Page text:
The Customer Experience will be critical
Not being able to speak to a company representative when you really need to, you know, in the event of a fund hold the equivalent of a merchant’s monthly cash flow, can be a perfect reason why businesses lose customers.
A few things are standard practice in the high-risk payment processing industry, for example, fund holds or even being enrolled into a VDMP. However, problems arise when you can’t get anyone on the phone to explain why something happened and when it will be fixed. Even worse, you get someone on the phone, and the representative has no clue.
Locally based support available 24/7/365, staffed with well-trained, knowledgeable team members, will be what sets a merchant account provider apart. The customer experience will increasingly be the differentiator.
eCommerce, mCommerce, and cashless transactions are here to stay
Changes in consumer behavior are here to stay. Over the past couple of years, how people changed their ways around shopping and paying for things wasn’t so much a change that was forced upon the masses but rather an accelerant of what was to transpire over the next decade. Tech companies had insight into this for well over a decade. NFC, digital wallets, and POS equipment to process cashless payments are inventions of the past two years. They’ve just been adopted at a much fast pace during that time.
So as we have more and more customers ordering online and experiencing that convenience, not many are going back to pulling out their wallets. Instead, businesses must adapt to this changing environment and be able to facilitate transactions via a growing number of payment options. Many of those options may start becoming more mainstream as some of the risks that get them classified as high-risk are managed and mitigated away by awareness, training, and technology.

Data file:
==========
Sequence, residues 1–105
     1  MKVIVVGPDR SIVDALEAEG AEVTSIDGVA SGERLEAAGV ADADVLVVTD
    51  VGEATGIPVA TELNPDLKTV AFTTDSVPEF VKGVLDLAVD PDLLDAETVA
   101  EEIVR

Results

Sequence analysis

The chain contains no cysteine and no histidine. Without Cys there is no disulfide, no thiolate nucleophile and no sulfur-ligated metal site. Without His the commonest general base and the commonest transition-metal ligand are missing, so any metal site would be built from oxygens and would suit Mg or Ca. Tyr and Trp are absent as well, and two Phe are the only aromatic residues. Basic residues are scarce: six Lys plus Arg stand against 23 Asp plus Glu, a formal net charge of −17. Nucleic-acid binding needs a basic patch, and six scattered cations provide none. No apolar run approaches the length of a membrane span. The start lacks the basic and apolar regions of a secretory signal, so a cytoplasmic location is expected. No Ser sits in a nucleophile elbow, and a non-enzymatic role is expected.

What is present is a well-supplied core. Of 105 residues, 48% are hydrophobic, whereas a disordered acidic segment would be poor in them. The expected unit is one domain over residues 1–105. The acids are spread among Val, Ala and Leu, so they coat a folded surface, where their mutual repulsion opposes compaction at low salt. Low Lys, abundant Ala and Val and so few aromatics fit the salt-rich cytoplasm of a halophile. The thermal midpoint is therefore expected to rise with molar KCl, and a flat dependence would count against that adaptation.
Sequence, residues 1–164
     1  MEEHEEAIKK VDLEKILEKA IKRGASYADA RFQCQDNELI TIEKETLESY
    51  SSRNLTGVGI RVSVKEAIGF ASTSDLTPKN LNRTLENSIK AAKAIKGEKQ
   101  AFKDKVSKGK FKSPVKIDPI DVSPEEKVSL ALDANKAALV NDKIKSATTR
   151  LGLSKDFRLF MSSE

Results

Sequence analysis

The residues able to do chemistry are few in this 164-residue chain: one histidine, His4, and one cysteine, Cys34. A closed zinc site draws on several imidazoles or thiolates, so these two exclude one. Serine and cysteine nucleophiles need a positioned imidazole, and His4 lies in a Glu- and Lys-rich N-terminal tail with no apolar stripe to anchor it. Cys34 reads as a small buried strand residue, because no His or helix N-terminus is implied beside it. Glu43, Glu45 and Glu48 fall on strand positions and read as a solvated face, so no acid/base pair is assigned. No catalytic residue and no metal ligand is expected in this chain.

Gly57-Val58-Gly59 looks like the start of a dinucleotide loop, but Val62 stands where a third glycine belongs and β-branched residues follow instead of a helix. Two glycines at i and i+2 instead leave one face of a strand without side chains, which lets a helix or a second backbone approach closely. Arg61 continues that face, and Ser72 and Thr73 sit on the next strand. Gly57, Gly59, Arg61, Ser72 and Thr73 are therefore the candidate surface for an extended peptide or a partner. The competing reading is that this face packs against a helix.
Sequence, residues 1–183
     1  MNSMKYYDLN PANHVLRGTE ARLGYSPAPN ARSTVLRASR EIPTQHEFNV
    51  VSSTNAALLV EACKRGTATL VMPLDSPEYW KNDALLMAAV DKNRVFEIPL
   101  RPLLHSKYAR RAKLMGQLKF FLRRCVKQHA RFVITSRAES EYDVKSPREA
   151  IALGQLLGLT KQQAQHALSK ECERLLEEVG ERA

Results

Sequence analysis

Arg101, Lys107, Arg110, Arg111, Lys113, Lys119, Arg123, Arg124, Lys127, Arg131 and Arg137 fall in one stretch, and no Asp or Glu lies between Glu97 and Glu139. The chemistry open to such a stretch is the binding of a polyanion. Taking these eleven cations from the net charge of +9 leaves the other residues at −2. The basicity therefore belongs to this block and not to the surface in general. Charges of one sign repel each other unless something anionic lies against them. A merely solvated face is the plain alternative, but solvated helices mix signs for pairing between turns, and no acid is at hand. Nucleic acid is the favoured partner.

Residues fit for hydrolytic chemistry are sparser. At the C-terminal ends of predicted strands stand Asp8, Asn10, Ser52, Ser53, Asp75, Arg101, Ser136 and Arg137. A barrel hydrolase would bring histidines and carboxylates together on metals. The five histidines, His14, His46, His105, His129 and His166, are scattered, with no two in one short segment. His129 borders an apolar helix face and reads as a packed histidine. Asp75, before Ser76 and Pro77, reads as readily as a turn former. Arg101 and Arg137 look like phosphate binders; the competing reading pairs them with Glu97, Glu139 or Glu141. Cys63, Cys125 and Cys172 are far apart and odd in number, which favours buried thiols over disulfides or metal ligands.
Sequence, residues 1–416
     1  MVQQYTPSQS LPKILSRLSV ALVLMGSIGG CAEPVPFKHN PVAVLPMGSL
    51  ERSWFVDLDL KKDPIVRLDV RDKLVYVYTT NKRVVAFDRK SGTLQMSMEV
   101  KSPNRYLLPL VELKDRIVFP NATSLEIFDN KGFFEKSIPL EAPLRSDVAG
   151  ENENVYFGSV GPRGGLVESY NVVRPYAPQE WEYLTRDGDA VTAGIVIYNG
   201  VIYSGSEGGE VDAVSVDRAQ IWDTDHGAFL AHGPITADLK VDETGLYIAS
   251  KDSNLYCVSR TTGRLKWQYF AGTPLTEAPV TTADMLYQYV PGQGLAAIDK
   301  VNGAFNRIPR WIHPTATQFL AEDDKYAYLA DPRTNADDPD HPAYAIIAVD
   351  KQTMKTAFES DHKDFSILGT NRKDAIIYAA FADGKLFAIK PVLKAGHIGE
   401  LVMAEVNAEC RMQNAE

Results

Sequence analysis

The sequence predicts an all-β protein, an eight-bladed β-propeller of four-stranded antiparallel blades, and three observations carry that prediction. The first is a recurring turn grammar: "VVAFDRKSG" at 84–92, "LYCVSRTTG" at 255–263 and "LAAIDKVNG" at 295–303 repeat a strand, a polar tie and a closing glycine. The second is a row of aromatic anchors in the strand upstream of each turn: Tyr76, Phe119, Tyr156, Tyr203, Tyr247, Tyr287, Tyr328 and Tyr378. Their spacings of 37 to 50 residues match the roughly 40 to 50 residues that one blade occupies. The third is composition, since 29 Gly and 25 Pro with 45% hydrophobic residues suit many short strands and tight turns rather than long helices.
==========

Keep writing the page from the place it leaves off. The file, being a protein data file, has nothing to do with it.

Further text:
In his book, Zero to One, Peter Thiel writes that when he started PayPal, he was losing $10 million per month to credit card fraud. To combat this, some of their brightest mathematicians studied data on actual fraudulent transactions to mine for patterns they write code for to automate the detection and prevention of. That code worked for about a few hours before the hackers found a workaround. Eventually, PayPal decided to adopt a hybrid model in which the software identified the red flags, and humans decided on their legitimacy. That was over two decades ago.
Today, influential third-party vendors are designing AI specifically for the fintech industry. However, it too is expected to work best in tandem with humans skillfully trained on actual risks associated with high-risk merchants. AI and well-trained teams will be the future of detecting and combating threats, decreasing the cost of fraud detection, limiting their occurrences, and allowing companies to focus on their core competencies.